He believes our civic leaders have a duty to take responsibility for making good design and planning choices, to ensure our cities — and all their inhabitants — can survive what lies ahead. In a biting article following Hurricane Harvey, Fleming wrote: "Houston's catastrophic flood will be framed by leaders in Texas as an unforeseeable act of God. It isn't. Houston's unfettered sprawl into the marshland of southeast Texas was a conscious choice by policymakers. So was building a global city on a slowly submerging swamp."
So with all this doom and gloom and impending disaster, does he ever wish he'd taken a quiet life in private landscape design practice?
"I tried to do that — I spent a few months in a small design firm and found out very quickly it was not for me," Fleming says, wryly. Instead, he's on a path of politicisation and education, trying to change his own industry from the inside out for the better of the planet.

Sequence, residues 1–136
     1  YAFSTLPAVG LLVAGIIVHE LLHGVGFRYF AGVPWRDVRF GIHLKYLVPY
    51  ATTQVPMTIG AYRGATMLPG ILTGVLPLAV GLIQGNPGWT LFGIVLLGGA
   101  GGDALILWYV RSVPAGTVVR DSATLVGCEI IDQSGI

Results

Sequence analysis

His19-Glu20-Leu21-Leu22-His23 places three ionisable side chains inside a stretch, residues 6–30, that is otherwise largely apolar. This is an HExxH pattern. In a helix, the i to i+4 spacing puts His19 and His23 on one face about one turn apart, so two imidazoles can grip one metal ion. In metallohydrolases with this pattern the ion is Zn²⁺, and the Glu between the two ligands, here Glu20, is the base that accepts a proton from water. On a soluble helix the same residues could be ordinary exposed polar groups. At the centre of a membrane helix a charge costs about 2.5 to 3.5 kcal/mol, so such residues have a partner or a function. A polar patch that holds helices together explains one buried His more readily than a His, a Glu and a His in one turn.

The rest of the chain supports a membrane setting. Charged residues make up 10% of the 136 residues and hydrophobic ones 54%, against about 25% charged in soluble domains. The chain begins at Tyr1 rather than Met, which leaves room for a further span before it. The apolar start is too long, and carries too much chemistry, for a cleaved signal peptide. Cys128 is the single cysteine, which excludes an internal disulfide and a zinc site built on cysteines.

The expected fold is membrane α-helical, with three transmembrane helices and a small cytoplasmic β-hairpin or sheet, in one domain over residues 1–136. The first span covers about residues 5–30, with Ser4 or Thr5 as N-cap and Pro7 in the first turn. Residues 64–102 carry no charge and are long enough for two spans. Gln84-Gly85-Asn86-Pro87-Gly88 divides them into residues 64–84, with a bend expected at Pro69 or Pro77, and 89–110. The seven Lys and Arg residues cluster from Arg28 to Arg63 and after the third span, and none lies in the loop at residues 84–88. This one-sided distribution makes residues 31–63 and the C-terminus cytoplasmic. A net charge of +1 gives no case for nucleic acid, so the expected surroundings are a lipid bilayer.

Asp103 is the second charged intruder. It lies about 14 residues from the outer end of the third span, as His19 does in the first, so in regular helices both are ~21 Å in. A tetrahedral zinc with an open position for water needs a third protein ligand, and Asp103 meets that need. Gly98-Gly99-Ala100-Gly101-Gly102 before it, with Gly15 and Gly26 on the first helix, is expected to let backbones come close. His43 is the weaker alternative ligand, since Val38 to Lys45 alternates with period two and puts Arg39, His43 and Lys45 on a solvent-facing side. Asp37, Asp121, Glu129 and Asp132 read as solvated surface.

"There are things we can do that's not the plazas and parks and luxury design work that we traditionally connect with landscape architecture. We can take it towards other aims," he says, pointing out that we don't have any more time to waste.
"All that's left is to act."
•Billy Fleming, NZIA Resene Sir Ian Athfield Memorial Lecture, 6pm, Monday, September 23, ASB Waterfront Theatre; free. festivalofarchitecture.nz. Objectspace Gallery, Ponsonby, holds the exhibition Making Ways: Alternative Architectural Practice in Aotearoa from September 4-October 12, looking at how our architects are crafting a sustainable future.